The 1981 edition of BS 5328 (referred to in Section 19.1) provided a useful table showing the amount of aggregate per 100 kg cement in what were then termed (see Section 19.2), Ordinary prescribed mixes as shown in Table 19.3, and the percentage of fine aggregate to total aggregate in these mixes as shown in Table 19.4. The grading of the fine aggregate was then as BS 882:1973 which defined the grading for four zones of fine aggregate as shown in Table 19.5.
Although BS 882:1973 has now been revised, Tables 19.3–19.5 are still of practical use as a guide to determining the ratio of fine to coarse aggregate required to make a dense mix. Of the four Zone gradings shown in BS 882:1973, Zones 2 and 3 were the most used for forming a suitable concrete mix. Zone 1 grading (the coarsest) tended to give a harsh concrete and also
was often not procurable; and Zone 4 was usually avoided if possible because it contained too much fine material for producing the best concrete. (The revised version of BS 882 in 1983 no longer defined four Zones for fine aggregates, but substituted ‘Coarse’, ‘Medium’ and ‘Fine’ gradings which are too wide in range to be of practical use for mix design purposes.)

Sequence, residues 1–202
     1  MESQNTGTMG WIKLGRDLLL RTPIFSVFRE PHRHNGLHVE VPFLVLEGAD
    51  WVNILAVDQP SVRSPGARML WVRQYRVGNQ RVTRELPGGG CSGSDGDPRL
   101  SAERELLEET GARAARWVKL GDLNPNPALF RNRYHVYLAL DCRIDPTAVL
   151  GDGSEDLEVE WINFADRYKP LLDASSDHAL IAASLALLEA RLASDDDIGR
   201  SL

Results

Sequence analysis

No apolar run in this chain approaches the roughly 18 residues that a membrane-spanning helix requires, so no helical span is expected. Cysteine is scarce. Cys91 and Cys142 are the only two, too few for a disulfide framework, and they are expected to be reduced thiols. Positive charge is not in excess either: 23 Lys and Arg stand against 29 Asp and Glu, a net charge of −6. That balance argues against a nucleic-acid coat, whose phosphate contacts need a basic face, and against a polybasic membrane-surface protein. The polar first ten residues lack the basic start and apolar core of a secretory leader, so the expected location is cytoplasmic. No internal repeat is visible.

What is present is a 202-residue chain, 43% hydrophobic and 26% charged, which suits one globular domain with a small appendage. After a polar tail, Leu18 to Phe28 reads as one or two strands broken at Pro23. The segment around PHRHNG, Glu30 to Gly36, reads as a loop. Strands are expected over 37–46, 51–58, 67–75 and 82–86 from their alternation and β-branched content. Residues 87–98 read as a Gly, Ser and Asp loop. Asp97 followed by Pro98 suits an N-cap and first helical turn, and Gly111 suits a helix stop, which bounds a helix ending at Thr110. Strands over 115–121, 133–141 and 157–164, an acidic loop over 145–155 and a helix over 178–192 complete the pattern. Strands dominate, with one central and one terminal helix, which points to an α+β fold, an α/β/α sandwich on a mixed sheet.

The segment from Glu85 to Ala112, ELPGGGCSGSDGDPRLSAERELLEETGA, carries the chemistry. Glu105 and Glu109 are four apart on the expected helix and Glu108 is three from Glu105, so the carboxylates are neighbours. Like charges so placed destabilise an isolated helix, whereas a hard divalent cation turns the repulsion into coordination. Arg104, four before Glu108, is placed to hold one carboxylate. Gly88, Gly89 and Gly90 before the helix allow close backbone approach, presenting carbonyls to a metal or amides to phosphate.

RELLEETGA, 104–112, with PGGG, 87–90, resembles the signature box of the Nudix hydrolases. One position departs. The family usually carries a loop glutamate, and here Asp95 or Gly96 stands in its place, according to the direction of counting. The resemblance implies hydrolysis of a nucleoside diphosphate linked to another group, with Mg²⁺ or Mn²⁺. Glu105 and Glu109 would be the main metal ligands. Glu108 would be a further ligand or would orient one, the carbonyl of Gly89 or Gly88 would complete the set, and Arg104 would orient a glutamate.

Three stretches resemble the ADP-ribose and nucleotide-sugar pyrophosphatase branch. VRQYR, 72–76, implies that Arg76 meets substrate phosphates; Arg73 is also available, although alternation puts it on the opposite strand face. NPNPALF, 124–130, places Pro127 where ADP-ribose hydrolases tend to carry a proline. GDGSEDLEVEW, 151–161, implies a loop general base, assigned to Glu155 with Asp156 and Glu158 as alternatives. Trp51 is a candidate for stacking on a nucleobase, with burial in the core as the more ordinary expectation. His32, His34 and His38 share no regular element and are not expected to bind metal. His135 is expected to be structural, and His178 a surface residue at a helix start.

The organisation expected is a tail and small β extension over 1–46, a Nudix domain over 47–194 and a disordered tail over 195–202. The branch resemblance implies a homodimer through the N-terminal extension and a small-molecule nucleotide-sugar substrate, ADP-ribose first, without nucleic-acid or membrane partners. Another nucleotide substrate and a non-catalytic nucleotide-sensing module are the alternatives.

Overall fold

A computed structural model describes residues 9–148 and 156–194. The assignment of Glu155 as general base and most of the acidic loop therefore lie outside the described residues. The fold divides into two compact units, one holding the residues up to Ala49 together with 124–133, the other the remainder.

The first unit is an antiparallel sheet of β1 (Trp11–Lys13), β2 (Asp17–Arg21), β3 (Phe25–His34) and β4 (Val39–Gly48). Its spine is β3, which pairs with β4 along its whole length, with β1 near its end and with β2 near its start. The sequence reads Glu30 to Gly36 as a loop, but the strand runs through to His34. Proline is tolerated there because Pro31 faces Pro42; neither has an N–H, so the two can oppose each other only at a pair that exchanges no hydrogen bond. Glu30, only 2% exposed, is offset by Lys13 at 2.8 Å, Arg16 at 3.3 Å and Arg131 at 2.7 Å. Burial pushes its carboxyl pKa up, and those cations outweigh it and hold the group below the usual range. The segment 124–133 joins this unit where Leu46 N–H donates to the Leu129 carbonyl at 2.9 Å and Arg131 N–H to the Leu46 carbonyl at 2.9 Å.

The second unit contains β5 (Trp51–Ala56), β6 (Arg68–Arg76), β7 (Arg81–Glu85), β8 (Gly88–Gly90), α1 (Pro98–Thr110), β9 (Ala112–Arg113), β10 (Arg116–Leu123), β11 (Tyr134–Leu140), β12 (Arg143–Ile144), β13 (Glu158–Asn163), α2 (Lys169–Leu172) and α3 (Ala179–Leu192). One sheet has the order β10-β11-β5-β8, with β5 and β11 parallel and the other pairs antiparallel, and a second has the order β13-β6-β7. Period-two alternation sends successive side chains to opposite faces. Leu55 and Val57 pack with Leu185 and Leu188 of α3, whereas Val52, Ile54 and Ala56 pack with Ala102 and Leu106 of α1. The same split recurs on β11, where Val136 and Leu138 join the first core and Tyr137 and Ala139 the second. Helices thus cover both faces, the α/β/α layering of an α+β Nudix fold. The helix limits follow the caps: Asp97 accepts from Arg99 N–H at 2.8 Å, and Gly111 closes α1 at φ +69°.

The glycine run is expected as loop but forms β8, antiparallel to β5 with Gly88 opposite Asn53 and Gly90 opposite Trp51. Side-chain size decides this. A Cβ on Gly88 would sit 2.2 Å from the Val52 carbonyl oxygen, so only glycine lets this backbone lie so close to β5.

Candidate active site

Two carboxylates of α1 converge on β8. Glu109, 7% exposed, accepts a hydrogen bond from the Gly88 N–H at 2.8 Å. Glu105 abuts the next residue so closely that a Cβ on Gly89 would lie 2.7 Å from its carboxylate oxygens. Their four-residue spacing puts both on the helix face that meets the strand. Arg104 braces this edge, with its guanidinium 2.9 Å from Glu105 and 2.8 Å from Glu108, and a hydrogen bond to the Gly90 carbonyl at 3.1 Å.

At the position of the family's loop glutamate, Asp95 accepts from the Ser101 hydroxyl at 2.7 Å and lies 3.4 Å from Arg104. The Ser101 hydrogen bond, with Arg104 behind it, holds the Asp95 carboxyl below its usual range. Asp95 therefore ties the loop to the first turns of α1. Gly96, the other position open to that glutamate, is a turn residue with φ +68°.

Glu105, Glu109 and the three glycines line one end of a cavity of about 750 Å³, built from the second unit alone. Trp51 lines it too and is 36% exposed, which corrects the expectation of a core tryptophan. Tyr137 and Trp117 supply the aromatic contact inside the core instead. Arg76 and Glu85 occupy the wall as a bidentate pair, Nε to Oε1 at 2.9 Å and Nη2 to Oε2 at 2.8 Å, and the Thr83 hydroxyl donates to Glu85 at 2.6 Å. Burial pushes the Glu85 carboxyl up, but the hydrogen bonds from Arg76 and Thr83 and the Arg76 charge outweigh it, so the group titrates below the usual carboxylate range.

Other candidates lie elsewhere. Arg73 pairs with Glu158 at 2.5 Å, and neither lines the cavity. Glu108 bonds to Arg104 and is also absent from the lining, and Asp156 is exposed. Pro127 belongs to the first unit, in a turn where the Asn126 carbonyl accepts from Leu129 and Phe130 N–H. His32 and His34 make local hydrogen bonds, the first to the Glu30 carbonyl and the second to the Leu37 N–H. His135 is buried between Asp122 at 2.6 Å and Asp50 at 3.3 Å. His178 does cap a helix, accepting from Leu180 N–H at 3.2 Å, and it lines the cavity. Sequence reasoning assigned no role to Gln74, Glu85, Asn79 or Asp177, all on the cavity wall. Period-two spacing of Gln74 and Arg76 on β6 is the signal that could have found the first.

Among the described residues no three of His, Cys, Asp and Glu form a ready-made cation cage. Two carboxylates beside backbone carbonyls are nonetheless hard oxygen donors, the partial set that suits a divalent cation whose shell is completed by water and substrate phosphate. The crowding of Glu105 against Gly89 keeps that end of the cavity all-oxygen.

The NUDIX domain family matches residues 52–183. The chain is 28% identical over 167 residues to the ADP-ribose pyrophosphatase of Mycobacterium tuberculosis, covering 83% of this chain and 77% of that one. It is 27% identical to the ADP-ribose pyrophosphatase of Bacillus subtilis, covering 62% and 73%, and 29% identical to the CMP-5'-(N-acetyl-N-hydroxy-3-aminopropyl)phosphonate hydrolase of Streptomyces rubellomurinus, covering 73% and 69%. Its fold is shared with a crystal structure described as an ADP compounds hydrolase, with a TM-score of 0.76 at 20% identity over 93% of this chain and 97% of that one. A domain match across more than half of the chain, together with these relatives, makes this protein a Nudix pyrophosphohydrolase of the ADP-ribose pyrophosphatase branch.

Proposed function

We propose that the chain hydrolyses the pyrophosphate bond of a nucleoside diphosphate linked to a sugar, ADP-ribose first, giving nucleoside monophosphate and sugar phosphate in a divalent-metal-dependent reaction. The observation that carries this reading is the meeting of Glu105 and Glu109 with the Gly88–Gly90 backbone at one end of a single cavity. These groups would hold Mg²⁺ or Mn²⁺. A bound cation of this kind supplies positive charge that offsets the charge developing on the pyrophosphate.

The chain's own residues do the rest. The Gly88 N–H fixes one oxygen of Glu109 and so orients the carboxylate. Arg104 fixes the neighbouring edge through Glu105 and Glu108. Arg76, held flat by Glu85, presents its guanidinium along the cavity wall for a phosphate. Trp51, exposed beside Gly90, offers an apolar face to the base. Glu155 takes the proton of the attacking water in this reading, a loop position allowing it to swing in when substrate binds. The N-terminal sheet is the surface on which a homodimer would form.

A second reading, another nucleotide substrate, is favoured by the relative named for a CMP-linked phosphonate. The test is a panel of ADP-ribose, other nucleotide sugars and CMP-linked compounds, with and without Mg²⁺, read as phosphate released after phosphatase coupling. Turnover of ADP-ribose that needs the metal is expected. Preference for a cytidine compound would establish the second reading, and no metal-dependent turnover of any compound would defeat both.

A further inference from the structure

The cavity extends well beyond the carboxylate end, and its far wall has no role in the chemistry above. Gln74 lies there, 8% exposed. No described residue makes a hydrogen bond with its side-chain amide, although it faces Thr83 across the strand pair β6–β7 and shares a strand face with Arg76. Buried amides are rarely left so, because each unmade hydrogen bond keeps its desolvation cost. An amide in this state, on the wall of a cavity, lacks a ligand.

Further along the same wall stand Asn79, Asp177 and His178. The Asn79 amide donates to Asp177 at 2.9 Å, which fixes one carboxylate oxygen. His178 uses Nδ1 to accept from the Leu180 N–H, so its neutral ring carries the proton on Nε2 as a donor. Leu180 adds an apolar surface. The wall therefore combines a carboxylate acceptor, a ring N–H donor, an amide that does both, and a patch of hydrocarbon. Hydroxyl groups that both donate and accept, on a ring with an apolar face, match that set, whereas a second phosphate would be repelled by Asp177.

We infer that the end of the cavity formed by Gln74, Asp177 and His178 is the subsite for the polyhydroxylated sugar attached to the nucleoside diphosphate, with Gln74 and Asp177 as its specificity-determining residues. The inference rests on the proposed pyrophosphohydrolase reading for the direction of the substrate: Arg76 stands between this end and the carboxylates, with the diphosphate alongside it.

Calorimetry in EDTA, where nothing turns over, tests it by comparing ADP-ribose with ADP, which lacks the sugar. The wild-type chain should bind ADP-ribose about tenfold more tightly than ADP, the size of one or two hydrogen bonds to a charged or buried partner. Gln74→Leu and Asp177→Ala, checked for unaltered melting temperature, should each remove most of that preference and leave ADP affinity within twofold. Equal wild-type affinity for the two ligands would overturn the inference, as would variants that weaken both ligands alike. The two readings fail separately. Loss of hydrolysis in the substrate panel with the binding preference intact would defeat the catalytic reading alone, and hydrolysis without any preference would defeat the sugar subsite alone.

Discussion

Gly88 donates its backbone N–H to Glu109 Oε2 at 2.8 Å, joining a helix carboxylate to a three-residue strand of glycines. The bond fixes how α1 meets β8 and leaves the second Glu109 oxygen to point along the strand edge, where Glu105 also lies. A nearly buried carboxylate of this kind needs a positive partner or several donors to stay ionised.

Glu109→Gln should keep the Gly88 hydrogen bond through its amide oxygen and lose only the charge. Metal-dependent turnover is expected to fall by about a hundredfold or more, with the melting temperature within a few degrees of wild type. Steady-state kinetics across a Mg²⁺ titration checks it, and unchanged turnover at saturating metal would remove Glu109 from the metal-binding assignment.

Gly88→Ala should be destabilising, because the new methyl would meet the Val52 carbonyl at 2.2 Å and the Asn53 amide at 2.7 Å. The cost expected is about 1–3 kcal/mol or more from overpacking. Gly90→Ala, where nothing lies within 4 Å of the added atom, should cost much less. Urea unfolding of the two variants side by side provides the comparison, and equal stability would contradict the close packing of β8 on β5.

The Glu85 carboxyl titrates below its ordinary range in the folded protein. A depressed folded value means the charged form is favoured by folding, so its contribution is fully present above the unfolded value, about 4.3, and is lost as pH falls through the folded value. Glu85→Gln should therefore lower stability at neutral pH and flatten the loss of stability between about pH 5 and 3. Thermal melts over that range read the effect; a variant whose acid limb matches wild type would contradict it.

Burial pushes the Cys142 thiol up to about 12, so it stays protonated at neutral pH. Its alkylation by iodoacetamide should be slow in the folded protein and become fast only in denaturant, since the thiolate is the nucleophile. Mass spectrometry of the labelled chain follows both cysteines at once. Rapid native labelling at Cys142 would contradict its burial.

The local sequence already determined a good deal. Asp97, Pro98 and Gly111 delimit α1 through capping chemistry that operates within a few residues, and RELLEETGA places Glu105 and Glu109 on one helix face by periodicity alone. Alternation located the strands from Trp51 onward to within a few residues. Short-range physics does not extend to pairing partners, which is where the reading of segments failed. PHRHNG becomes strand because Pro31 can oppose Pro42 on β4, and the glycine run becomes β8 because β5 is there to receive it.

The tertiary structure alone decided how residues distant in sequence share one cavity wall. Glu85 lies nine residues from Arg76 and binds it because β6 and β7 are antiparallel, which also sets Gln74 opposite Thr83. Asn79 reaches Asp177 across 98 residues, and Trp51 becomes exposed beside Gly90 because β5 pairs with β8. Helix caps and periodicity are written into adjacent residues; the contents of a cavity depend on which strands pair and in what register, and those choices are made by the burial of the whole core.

In practice samples of the fine and coarse aggregates proposed to be used should be sieved to find their typical grading. Sometimes it is found that the coarse aggregate contains a substantial proportion of fines (below 0.5mm), while the fine aggregate may frequently be of a uniform size. Consequently various ratios of coarse to fine aggregate must be tried out to see which gives the best mix. Envelopes of suitable grading curves for 20 and 40mm maximum size aggregate are shown in Fig. 19.3. The first trial mix can adopt a ratio of fine to coarse aggregate which, as near as possible, gives a grading approximating to the centre of the appropriate envelope shown. Adjustment of the mix proportions for subsequent trial mixes will then show whether some improvement in the quality of the mix is possible. The Design of normal concrete mixes published by the Building Research Establishment 1975 is a useful guide.